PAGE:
Beside a rocky trail, a tall spike of leathery green leaves topped by a cluster of white flowers peeks up through the chaparral. This is yerba santa, or Eriodictyon californicum. It is known as a medicinal plant (tea now available at Amazon as well as in the great outdoors), though personally I haven’t been attracted by the descriptions of a bitter, menthol-like taste. Traditionally, the tea was used for colds and other respiratory troubles, though it also has been used to treat maladies as diverse as stomach aches, headaches, bruises, eye troubles, and gonnorhea.
The leaves are often dusted with an unappealing black mold, but without this yerba santa is a handsome plant. The white flowers cluster loosely at the top of the spike of leaves. Each blossom is tubular and flared at the mouth, with petals that taper off into points. If you look close, you’ll see that each flower has two styles (and no, that isn’t sweats and slacks. The style is the shaft of the female reproductive parts).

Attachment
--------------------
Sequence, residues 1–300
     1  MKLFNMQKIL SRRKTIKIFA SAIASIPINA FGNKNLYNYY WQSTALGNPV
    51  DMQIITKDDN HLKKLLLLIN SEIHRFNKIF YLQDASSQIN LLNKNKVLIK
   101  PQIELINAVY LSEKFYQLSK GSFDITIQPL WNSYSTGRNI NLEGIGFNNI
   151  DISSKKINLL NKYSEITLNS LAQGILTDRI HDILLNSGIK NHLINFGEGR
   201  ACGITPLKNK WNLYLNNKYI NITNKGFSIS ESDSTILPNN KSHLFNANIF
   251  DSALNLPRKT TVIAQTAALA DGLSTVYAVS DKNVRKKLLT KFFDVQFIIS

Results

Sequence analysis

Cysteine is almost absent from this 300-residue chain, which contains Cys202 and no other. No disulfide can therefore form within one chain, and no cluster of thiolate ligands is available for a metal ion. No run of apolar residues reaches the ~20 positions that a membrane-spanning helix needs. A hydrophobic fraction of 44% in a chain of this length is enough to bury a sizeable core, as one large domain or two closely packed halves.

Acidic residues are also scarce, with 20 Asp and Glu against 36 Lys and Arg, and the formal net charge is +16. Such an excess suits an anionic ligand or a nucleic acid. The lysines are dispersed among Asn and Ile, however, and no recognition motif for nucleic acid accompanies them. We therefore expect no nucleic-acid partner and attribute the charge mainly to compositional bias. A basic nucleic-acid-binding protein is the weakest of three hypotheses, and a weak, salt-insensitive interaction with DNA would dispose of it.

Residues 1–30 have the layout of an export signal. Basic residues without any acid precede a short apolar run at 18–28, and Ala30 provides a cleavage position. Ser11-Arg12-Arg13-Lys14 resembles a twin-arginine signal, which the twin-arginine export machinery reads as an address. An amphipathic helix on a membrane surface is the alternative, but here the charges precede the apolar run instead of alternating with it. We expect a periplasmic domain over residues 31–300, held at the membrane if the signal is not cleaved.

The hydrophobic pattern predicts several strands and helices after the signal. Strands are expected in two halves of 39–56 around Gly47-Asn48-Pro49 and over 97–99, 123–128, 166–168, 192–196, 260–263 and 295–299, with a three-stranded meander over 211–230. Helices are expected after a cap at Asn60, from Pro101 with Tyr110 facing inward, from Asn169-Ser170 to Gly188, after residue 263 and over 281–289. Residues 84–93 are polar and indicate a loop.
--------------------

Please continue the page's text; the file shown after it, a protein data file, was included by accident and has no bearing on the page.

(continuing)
You commonly find yerba santa on rocky slopes or in chaparral, among the dense scrub of manzanita or ceanothus. It can reproduce by seed, but only does so after a fire or other disturbance of the soil surface. Since fires aren’t common in today’s era of fire suppression, it usually reproduced vegetatively. They can grow a rhizome (rootlike structure) up to eight feet long in a single summer! That rhizome will put up new plants every 8 to 10 inches — an effective way to raise a family indeed.